A perfect sea urchin


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Writing Instead of Baking Bread

I should be baking bread, but I'm not up for it. I'm suffering from benzodiazipene withdrawal. Somehow I lost the plastic bag that contains all my medication. I have no idea what happened to it. I hope it is at my office Monday. If not, I am going to live without medication until I get back up to Kaiser. One of my meds is a controlled substance, and saying I lost my meds makes me look like an addict. I'm too vain and proud for that.

Also, I need to go to bed early. A twenty-three hour day is wreacking havoc with me. A lot of sleep will do me good, even if I wake up all stiff and sore. I can ride MARTA buses successfully without barfing. Riding in a car leaves me motion sick. I think some of it is memory from the last time I got motion sick. It tends to be a learned reaction.

Still, I want to write about food. I bought all kinds of good food today and ate junk food for lunch. That is weird, hypocritical, but no one is taking score for consistency. It's not there. I do need to make bread some time this week. I desperately need to have enough bread for sandwiches right up until Passover for which I need to go buy provisions. That is an expensive job, but it is not happening this week. The bread baking is. I will do it Tuesday night.

Bread baking is important. I am the last human being who takes sandwiches for lunch. I am old school. I do not need a hot meal at noon. I think I am the last adult who prefers this sort of meal. Now if I were running a public health campaign, I'd put a picture of a sandwich, a piece of fruit, and maybe a glass of unsweet tea (your choice hot or cold or herbal) on billboards where they have those poor fat kids whose parents are neglecting them, and only if those neglectful parents would whip their wayward young'uns into shape. You can whip fat kids into shape because they have no status. That is the wonderful thing about this whole childhood obesity campaign.

Then we have the kindred campaign against fast food and yes convenience stores. Oh yes.... I love convenience stores, but something about this whole campaign (and I haven't done the research so this is just conjecture) reminds me of whatever led up to Prohibition. Yes, there was a Women's Christian Temperanace Union. It is still around and there was an Anti-Saloon League. These were organizations with thousands of members. These were popular causes. We have forgotten this. Also saloons sucked in their own way. Men ruined themselves there, but saloons like modern day convenience store and fast food places, had an upside. They had a buffet that provided a working man's lunch for the cost of a beer, and if you were a big guy, a beer would not get you even nicely buzzed. None of us can remember the lead up to Prohibition. Like the Great Depression, it likes just outside living memory, but I think we are heading that way again, and boy is that one ugly road.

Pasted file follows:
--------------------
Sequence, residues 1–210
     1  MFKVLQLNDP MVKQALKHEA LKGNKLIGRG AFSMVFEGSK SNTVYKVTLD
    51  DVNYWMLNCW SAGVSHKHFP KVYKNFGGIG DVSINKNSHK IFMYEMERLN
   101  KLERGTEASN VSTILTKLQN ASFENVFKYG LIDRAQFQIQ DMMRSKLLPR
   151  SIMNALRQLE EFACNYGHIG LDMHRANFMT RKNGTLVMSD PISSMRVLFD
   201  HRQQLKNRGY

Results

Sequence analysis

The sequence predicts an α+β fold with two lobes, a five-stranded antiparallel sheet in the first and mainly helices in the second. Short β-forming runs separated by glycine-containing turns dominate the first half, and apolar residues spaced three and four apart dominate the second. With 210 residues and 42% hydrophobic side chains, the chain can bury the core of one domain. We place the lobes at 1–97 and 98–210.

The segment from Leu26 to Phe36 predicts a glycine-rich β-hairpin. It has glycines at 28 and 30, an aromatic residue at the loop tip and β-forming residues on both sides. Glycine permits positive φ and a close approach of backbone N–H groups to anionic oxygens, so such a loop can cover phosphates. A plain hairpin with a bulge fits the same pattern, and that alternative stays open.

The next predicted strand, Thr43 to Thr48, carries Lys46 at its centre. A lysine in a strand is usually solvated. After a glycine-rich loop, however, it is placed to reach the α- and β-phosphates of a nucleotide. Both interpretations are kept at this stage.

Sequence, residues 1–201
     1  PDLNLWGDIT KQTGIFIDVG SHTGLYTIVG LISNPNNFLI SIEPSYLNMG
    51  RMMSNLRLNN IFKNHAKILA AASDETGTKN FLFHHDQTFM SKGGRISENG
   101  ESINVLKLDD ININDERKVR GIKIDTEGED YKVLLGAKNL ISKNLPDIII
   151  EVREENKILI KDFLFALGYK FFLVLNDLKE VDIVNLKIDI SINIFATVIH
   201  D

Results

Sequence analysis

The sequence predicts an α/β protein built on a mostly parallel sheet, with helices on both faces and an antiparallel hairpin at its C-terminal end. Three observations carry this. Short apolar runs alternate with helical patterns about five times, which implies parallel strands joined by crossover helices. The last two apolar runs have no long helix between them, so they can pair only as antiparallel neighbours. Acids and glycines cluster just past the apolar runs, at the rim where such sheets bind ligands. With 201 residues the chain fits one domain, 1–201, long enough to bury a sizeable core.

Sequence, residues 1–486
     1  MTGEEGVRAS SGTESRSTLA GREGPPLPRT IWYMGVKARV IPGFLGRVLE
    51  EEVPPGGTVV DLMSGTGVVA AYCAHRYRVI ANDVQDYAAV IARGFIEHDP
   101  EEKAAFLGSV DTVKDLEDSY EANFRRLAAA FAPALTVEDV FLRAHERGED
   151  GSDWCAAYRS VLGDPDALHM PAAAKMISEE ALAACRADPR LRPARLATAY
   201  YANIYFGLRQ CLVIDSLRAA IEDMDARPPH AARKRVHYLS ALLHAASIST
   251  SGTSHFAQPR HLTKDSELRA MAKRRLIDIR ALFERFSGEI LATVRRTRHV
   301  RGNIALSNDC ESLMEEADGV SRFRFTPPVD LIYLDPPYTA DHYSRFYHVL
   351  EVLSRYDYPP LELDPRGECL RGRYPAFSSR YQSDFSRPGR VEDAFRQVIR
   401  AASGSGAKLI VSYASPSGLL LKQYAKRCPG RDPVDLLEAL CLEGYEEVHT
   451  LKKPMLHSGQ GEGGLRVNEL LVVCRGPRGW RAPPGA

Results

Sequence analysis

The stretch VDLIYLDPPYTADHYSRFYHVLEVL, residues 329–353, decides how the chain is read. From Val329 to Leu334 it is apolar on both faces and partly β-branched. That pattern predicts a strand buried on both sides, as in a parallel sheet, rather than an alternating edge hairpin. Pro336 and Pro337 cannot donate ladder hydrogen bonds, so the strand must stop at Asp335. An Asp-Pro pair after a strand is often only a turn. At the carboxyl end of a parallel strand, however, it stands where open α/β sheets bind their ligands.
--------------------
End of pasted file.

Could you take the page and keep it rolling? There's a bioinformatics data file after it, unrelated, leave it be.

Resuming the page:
If you want to attack obesity, attack the culture of pampering that spawned it. By keeping kosher, I have had to step outside the culture of pampering just enough to become very aware of it, because part of me misses it. Basically in America of 2012 everyone has a right to be pampered within their means. I can walk into a Subway, my favorite pamperage and order a veggie sub with everything except jalapenos and of course chipotle mayonaise. All that bread, all those pickles, all those veggies and cheese taste delicious. It is the sub sandwiches I miss most with keeping kosher. Likewise I miss Doritos, and all the places I know where I can get a good vegetarian lunch, falafel or bean and rice wraps and the pasta salad at Whole Foods and the pareve greens there. I can succor myself on chips and soda or even a mocha, but it's not the same. I'm an outsider looking in, but I know that for whatever money I spend, I can pretty much get exactly what I desire. Now I make most of that at home. Fine. It's better that way.

But one of the uglier manifestations of a pampering culture is the hot lunch. Everyone seems to want one and buy one ready made. Why? It never was like that. What is wrong with a sandwich, fruit, and tea. That's what people used to pack. It's simplicity itself. It doesn't even taste bad. There are still lots of pampering choices. A hot lunch from a ready made box to me is a sign of sloth and dependency on others and.... who knows what is in the typical hot meal, when it is reasonably priced enough that even poor folks can afford it? Of course there are good health foodish versions, but why do you need a hot meal at noon? If you went back to an average size sandwich on whole wheat accompanied by a generous size piece of fruit and an unsweetened drink, I bet most people would save calories, but a campaign against the hot lunch and back to a Spartan simplicity of yore, is just too close to home for most folks. There is no one to whip into shape but ourselves, and face it the consumer is king, and this time around, unlike at the working man's buffet which I never tasted and probably picture in utterly unrealistic terms, let's go for the folks we can push around. The rest of us aren't moving an inch.

Eileen H. Kramer -- March 11, 2012